The News |By Rahimullah Yusufzai | Tuesday, June 29, 2010
“…it is amazing that nobody is aware or is willing to talk about the tactics being used by the Taliban to pin down the greatest armies of the world. So many US and Nato generals have been rendered helpless and consigned to oblivion by the superior strategies being applied by largely unknown Taliban military commanders. No credit is given to the outnumbered Taliban fighters who are armed only with Kalashnikov rifles, or at best with RPG-7 rockets, and are able to fight soldiers driving in armoured personnel-carriers and Humvees and protected from the air by jet-fighters, helicopter-gunships and drones.”No policy is working in Afghanistan. Old strategies are being discarded and new ones formulated in the hope of finding the right formula for success. But the Americans and their allies are finding out the hard way that victory against the Taliban is becoming elusive even as they pour more troops and allocate greater resources for their nearly nine-year-old Afghan military campaign.
Afghanistan has been aptly described as the graveyard of empires. In modern times the British and the Soviets suffered defeats at the hands of the freedom-loving Afghans, and before long their mighty empires started collapsing. The United States, arguably the most powerful military and economic power on earth to-date, isn’t about to lose the war in Afghanistan. But its failure to score a decisive victory against the largely resourceless Taliban, despite the help in terms of troops and resources from more than 40 countries, should be counted as a defeat. And the withdrawal of US and Nato troops from Afghanistan without accomplishing their stated objectives and their inability to subdue the lightly armed Taliban would amount to a resounding victory for the latter.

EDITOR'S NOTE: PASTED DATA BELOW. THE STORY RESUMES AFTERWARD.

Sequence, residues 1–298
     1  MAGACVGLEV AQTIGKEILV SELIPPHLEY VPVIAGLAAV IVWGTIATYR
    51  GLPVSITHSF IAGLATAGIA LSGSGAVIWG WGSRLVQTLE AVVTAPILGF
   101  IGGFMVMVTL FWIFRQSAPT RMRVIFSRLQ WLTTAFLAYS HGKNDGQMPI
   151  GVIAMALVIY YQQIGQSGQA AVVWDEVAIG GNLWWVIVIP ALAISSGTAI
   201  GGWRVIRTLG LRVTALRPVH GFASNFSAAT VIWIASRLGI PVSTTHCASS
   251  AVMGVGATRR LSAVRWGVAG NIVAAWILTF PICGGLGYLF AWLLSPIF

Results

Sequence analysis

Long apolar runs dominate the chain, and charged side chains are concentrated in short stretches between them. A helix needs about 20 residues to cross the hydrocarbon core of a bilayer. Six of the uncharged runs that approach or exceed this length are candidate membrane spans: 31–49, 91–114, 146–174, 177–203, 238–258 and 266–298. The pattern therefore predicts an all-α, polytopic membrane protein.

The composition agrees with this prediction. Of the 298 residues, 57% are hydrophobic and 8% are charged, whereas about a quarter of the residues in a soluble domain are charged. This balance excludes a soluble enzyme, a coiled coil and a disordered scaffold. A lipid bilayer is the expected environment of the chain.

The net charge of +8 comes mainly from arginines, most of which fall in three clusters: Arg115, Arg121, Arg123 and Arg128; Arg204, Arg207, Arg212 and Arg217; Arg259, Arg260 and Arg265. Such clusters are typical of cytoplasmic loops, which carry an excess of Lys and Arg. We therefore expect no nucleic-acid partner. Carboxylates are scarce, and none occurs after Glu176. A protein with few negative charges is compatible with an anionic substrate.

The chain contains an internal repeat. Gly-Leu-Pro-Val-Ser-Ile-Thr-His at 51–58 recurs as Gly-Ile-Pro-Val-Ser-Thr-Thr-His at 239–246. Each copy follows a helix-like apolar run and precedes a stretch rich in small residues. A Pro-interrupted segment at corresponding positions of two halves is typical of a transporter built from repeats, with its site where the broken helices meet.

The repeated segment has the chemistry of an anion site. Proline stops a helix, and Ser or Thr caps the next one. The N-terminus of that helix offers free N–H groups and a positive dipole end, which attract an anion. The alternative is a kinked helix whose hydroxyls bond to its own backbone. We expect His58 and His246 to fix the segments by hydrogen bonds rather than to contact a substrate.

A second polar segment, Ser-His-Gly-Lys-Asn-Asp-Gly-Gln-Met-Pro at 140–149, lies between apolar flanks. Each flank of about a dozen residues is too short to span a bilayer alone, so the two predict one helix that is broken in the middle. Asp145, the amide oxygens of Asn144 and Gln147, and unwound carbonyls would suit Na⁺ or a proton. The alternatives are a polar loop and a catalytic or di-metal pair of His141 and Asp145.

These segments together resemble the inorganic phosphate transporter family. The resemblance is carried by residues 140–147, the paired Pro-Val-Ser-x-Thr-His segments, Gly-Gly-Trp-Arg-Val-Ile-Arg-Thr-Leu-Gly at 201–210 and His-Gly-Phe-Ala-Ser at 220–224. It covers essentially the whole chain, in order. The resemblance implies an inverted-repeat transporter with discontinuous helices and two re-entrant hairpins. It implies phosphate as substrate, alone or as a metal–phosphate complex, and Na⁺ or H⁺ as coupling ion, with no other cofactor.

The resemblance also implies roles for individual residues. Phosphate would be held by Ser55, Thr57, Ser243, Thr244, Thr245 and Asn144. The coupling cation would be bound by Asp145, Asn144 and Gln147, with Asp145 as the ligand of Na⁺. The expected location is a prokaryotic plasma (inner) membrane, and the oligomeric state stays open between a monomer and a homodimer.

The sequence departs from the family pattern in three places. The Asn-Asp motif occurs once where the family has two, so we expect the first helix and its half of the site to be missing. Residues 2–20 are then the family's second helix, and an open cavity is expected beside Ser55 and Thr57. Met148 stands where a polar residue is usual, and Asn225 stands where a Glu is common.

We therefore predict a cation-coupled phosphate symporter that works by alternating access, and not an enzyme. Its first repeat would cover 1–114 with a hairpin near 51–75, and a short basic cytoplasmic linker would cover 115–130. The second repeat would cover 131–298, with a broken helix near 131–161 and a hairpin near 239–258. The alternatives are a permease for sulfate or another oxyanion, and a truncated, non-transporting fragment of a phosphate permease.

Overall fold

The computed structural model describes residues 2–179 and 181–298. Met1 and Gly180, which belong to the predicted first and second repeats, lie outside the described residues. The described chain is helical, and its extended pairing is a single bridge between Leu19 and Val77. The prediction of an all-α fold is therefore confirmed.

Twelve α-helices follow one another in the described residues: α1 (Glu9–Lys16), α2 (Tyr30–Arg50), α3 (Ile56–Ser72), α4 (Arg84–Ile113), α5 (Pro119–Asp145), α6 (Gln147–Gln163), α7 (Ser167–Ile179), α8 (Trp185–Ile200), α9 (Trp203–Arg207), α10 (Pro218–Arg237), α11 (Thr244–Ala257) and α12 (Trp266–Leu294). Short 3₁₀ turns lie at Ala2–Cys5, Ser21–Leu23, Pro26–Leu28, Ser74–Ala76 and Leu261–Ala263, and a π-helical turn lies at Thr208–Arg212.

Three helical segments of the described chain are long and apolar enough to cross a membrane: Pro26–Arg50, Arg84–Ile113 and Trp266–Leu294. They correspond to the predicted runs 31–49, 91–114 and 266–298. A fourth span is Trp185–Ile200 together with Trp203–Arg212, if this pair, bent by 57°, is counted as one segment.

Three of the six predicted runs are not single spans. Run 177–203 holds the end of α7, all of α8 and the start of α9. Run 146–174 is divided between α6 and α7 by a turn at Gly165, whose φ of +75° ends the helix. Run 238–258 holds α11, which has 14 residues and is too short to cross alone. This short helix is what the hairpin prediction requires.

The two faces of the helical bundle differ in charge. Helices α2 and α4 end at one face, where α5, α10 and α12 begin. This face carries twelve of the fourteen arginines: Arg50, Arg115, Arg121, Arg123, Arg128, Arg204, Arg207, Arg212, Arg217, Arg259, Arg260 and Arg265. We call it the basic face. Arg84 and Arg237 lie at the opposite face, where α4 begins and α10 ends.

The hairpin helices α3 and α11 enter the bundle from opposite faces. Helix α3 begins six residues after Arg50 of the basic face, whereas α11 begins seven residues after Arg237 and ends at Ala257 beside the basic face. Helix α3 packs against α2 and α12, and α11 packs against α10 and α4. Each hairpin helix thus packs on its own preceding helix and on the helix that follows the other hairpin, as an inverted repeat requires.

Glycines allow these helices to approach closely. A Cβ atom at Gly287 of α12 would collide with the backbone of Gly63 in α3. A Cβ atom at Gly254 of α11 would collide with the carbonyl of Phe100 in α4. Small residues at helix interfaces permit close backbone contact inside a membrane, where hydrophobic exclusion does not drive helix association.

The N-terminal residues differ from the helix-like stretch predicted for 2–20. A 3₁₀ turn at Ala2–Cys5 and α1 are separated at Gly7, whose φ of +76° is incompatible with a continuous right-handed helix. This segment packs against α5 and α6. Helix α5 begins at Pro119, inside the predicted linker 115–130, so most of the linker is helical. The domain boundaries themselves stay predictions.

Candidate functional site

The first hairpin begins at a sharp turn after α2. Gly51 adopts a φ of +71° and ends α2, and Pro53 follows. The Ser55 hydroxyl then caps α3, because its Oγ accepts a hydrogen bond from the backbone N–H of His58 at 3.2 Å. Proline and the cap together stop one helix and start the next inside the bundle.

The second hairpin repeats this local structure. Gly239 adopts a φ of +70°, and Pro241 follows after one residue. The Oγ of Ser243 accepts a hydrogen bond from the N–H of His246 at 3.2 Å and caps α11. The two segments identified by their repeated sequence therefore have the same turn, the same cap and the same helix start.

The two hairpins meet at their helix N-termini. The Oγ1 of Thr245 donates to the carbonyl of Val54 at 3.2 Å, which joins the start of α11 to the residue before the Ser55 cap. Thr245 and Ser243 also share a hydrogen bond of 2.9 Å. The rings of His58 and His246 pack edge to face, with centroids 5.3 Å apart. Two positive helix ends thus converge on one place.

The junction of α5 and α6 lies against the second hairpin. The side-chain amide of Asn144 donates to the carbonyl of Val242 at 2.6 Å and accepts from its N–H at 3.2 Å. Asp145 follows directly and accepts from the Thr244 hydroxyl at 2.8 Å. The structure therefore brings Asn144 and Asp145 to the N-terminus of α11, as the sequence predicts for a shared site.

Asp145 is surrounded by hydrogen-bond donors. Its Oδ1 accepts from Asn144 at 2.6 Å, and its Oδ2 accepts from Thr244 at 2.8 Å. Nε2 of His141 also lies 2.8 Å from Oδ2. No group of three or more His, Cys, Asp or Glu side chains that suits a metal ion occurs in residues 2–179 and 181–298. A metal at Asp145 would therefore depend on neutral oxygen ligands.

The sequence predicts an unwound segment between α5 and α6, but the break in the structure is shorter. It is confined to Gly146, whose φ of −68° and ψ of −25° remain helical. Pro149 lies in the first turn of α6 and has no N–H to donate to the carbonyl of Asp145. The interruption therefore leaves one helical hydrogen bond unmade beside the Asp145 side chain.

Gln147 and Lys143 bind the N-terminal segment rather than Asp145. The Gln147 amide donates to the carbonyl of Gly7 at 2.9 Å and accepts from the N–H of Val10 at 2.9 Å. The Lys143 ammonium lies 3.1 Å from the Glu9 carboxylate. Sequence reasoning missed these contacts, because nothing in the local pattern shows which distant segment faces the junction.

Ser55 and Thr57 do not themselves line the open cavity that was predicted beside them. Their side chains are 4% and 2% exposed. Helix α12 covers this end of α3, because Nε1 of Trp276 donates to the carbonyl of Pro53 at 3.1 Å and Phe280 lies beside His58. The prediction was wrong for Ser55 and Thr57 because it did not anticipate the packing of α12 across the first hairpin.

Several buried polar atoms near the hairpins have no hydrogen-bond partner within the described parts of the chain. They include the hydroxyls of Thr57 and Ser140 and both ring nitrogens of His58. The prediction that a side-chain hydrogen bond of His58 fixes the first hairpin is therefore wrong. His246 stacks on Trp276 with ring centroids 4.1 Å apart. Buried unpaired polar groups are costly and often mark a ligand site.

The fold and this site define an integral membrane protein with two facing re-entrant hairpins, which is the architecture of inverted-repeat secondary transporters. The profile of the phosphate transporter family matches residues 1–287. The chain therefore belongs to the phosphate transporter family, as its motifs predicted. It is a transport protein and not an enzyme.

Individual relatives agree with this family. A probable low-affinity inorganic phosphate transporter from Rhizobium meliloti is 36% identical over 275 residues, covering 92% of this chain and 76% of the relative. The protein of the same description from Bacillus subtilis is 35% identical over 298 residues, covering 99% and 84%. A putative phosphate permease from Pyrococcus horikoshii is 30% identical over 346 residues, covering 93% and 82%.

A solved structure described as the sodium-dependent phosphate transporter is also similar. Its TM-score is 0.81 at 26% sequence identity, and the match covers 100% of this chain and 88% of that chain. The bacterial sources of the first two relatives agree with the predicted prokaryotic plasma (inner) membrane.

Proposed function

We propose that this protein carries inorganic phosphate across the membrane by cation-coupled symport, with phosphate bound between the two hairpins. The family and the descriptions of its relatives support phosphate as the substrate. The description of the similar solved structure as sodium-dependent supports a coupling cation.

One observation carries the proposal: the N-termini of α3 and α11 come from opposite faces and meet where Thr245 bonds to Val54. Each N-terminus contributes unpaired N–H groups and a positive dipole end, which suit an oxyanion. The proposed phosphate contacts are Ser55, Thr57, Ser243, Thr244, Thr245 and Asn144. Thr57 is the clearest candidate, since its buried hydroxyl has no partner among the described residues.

When the going becomes tough and defeat stares in the face, it is more than likely that a blame-game will begin among the allies. This is already happening as the civil and military leaders in the US indulge in backstabbing and accuse each other of incompetence and lack of commitment in pursuing the Afghan war. The blame-game has already cost Gen Stanley McCrystal his job and it could claim more scalps as the coalition forces continue to suffer ever-rising human and material losses. June is not yet out and it is already the deadliest month for the US-led foreign forces since the invasion of Afghanistan in October 2001, with 96 soldiers, mostly Americans, dying in action. The month also saw a record number of helicopter-gunships crashing and military vehicles getting hit and being put out of business. The monthly cost of the war in Afghanistan is now stated to be $7 billion, and rising.
The McCrystal episode is a clear example of a general fearing defeat after having raised hopes by coming forward with what seemed to be a winning strategy. Here was a stubborn and egoistic military commander convinced of his own superior judgement and having a low opinion of the civilian leadership that is seeking to retain control of the war effort. In comments published in the devastating Rolling Stone article, McCrystal recalls that during a White House meeting with him Obama was intimidated by the military brass, which in a way insinuated that he was a weak and vulnerable president. In McCrystal’s view, Obama’s national security adviser James Jones was a clown and his special representative for Afghanistan and Pakistan Richard Holbrooke was someone fearful of losing his job. US ambassador in Kabul Karl Eikenberry was portrayed as being more concerned about whether or not he would be on the right side in history books in case the Afghan war effort falters. On an earlier occasion, Vice President Joe Biden’s counter-terrorism opinions and his opposition to the escalation of the Afghan military campaign were lampooned when McCrystal publicly stated that this could turn Afghanistan into “Chaosistan.”